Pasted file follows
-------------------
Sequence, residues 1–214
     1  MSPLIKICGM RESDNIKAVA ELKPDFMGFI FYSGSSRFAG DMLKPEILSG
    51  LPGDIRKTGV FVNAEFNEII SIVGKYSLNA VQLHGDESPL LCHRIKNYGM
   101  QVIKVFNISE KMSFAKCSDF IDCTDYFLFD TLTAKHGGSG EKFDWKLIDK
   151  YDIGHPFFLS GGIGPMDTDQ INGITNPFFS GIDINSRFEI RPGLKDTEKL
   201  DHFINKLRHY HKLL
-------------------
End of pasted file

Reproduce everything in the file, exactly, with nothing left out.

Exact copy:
Sequence, residues 1–214
     1  MSPLIKICGM RESDNIKAVA ELKPDFMGFI FYSGSSRFAG DMLKPEILSG
    51  LPGDIRKTGV FVNAEFNEII SIVGKYSLNA VQLHGDESPL LCHRIKNYGM
   101  QVIKVFNISE KMSFAKCSDF IDCTDYFLFD TLTAKHGGSG EKFDWKLIDK
   151  YDIGHPFFLS GGIGPMDTDQ INGITNPFFS GIDINSRFEI RPGLKDTEKL
   201  DHFINKLRHY HKLL